A glint from Earth

By Phil Plait | January 7, 2010 7:34 am

Back in 2005, NASA’s Deep Impact probe slammed a hunk of copper into the comet Tempel 1 to determine what was under its surface, as well as to see what happens in a hypervelocity collision.

The copper block vaporized in the high-energy impact, but the spacecraft lived on. It’s now on an extended mission called EPOXI, and one part of that is EPOCh: Extrasolar Planet Observations and Characterization, designed to look back at the Earth and see what a habitable and inhabited planet looks like from a distance. The idea is to see what we can observe about our own world that can be used to look at worlds orbiting other stars.

EPOXI_glint

One hope was that the spacecraft would see sun glints; flashes of light from standing water on Earth (much like Cassini did with Titan). And see them it did! Check out the video below. It’s short, so you can watch it a few times; there are several glints, and I labeled the region of Earth where they occur.

That video was put together by Don Lindler (my old boss back in the STIS/Hubble days) using images from Deep Impact. It shows a full rotation of the Earth as seen above the north pole, taken when Deep Impact was still 18 million kilometers (11 million miles) from home (that’s 75 times the distance to the Moon!). Another video, from a different part of Deep Impact’s travels, shows the view as seen from the south. Due to the geometry of the Sun, Earth, and spacecraft, the glints all appear on the same place on the Earth’s face, though the location on the Earth’s surface changes as it rotates.

These images were taken in the infrared, where the contrast between land and water is highest. There may come a day when our spacecraft observe other planets orbiting other stars, and glints like these may be the tell-tale signs of liquid on their surface. In those cases, the planet may not be more than an unresolved dot, but the sudden increase in brightness may be the giveaway we’re looking for.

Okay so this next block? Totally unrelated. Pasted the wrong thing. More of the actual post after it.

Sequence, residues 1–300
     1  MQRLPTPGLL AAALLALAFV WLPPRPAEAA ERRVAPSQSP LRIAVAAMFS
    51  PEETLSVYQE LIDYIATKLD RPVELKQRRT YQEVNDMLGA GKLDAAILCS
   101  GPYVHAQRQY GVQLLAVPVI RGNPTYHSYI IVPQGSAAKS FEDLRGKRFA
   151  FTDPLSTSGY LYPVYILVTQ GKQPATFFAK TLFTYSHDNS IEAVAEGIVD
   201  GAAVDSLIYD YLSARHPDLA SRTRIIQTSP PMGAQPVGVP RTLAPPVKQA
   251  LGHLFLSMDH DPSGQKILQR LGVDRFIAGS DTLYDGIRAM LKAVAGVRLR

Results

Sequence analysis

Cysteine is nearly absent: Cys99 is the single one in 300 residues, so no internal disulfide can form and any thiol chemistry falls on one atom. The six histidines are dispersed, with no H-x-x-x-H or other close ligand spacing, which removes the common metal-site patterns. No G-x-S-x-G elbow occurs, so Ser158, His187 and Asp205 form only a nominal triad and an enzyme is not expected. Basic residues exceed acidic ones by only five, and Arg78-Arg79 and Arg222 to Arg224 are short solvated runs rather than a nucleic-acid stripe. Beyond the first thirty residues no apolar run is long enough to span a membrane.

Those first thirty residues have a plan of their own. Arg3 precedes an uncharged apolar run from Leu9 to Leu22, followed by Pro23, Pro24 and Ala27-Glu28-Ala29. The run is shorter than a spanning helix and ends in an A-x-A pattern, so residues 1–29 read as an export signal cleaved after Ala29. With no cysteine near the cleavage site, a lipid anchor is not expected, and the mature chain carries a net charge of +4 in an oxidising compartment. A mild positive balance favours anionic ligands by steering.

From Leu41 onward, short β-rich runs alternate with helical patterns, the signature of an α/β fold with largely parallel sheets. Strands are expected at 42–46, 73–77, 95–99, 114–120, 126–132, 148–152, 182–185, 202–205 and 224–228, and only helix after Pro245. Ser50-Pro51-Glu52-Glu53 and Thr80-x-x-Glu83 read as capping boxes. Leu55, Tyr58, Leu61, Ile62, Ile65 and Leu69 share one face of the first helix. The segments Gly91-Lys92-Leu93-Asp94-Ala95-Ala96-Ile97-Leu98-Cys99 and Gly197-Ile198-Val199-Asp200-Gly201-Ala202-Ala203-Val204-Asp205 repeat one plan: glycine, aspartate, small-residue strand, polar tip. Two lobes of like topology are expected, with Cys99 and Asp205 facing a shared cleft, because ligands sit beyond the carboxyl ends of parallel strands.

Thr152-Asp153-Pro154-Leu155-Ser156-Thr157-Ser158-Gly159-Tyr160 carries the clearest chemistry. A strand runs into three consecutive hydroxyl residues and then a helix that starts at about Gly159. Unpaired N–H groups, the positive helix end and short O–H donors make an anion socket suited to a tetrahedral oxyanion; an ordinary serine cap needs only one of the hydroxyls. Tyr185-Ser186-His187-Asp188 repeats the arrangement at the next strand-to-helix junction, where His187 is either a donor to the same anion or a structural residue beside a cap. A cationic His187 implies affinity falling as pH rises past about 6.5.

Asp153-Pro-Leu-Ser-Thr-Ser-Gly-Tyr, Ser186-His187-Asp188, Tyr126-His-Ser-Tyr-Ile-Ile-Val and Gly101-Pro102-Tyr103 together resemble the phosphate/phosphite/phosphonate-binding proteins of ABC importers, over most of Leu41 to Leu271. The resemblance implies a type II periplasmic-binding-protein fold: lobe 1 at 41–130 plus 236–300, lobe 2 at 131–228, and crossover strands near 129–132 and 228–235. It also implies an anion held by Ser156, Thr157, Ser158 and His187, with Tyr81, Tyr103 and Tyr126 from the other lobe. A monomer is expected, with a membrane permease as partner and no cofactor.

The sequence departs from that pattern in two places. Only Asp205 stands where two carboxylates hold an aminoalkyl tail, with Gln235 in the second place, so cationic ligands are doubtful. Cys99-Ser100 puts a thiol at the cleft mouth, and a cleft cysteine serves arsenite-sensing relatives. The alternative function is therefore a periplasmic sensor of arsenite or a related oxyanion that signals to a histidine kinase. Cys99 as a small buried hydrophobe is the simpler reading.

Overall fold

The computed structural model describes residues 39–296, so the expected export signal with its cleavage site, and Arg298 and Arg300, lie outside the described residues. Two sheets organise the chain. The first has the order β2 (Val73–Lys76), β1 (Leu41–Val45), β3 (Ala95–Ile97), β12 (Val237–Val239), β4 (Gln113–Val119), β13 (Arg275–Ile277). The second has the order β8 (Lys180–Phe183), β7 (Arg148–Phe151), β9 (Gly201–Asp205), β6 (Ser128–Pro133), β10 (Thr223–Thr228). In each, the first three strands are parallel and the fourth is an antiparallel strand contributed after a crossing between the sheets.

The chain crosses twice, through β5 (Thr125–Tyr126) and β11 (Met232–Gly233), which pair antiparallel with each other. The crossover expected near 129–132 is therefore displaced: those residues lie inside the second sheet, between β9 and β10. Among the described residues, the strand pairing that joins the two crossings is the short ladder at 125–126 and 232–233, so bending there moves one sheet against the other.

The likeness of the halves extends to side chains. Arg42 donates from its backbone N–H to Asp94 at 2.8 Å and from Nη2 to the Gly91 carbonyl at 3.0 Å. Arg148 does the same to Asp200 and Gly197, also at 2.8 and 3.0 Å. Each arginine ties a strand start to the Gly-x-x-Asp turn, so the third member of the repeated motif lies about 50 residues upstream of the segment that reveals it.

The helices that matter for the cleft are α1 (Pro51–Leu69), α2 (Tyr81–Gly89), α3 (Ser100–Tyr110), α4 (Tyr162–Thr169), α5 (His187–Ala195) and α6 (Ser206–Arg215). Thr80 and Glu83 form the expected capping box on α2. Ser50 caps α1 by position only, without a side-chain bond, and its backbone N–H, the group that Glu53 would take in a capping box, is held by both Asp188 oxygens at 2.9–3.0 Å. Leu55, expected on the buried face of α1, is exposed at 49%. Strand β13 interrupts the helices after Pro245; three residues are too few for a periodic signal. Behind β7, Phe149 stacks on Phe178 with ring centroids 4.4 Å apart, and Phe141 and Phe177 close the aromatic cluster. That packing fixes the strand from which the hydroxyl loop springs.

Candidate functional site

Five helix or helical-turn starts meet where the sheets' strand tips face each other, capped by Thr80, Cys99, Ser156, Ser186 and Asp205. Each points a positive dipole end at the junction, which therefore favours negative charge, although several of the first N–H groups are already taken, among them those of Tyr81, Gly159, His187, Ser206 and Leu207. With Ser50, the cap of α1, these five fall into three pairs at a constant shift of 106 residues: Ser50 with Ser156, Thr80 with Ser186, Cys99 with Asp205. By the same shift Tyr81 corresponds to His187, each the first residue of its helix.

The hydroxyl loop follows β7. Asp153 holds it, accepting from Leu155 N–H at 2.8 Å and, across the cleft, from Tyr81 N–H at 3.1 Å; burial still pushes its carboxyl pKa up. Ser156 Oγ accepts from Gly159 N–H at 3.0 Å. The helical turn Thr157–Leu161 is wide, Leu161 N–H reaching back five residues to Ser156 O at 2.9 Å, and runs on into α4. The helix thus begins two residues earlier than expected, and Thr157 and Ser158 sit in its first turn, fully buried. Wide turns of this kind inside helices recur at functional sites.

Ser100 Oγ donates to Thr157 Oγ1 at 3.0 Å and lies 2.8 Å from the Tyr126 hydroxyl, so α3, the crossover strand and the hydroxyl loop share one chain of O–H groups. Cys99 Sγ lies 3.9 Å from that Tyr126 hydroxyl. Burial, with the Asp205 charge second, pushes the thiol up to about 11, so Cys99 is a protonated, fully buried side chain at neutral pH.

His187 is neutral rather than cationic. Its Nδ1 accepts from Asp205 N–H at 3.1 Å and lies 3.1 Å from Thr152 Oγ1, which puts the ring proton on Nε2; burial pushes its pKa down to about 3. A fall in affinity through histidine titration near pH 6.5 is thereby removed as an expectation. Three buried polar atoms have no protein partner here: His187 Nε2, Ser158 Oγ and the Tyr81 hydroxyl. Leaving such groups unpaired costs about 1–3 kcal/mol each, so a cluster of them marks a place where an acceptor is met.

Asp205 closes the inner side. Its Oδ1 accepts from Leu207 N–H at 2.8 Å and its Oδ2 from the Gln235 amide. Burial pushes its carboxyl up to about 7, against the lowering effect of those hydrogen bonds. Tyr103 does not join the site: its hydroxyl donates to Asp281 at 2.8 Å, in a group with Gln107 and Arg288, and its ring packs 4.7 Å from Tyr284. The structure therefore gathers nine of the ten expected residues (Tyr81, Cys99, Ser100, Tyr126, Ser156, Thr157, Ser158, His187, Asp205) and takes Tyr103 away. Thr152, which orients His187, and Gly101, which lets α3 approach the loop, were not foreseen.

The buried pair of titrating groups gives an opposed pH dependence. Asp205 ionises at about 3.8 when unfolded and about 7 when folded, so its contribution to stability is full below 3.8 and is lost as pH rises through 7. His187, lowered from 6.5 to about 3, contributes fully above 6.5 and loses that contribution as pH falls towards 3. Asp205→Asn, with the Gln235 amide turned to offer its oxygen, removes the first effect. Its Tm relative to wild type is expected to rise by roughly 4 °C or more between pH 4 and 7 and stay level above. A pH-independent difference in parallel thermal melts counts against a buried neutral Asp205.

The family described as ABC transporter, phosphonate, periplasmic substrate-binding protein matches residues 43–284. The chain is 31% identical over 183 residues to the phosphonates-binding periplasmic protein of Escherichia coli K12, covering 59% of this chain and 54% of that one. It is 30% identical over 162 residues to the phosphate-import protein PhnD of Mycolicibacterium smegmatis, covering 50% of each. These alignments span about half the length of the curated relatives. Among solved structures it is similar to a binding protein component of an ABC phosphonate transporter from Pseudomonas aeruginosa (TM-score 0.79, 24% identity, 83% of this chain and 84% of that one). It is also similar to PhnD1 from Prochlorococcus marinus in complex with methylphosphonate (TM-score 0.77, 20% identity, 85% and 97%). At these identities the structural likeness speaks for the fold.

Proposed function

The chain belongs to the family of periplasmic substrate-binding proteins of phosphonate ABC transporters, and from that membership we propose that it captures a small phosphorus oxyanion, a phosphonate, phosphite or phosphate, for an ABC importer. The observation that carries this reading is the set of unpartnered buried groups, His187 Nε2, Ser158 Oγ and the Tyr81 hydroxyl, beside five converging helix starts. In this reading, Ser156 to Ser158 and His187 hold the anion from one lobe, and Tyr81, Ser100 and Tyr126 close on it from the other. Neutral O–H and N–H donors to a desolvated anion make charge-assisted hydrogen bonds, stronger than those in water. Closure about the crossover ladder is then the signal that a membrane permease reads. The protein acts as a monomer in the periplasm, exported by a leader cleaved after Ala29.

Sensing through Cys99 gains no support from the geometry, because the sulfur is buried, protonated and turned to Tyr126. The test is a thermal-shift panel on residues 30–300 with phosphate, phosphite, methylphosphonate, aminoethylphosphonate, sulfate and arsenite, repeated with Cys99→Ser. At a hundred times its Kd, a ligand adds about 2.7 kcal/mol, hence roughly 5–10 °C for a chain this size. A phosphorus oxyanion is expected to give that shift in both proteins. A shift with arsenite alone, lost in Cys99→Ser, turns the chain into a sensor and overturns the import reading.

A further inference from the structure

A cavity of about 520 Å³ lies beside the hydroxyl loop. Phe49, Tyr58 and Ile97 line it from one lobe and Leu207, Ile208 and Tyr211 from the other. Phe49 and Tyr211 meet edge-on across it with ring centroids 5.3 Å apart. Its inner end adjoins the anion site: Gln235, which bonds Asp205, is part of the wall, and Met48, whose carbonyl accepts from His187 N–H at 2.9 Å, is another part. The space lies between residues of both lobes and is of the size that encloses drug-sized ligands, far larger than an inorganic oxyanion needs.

There’s been speculation lately that some extrasolar planets may be water worlds. We can’t know for sure just yet, but EPOXI may be showing us one way we might be able to find out.

Related post: HOLY FRAK! Moon transits Earth!

CATEGORIZED UNDER: Astronomy, Cool stuff, Pretty pictures

Comments (25)

  1. StevoR

    Awesome! Thanks for that BA – & your ex-boss. Great clip. :-)

    Sure looks a lot like visible light to me – near infra-red?

    Was the size of the Earth constant throughout? I’d have thought a spaceprobe moving that quickly would see the Earth swell and shrink as it grew nearer & further?

    How far is it in Astronomical Units …. & how does that compare to spotting something light years away – at eleven or so for the nearest exoplanet* we know of today?

    —-

    * Epsilon Eridani b at a distance of 10.5 light yeras unless one has been discovered closer that I haven’t heard about & assuming Gatewood’s old claim that Lalande 21185 (8.3 ly, 4th closest star system) has an exoplanet still remains unconfirmed.

  2. Kevin F.

    Why would the lakes glint and the oceans not? Because the lakes have a flatter surface than the oceans?

    March 27-28-29 was Friday-Saturday-Sunday in case you’re wondering what you were doing at the time. :)

  3. Michel

    So that´s what bosses are making. Little videos…
    Anyway.
    If they ever make another Star Trek series, there will be a dialog like:
    “Sir, I just spotted a glint!”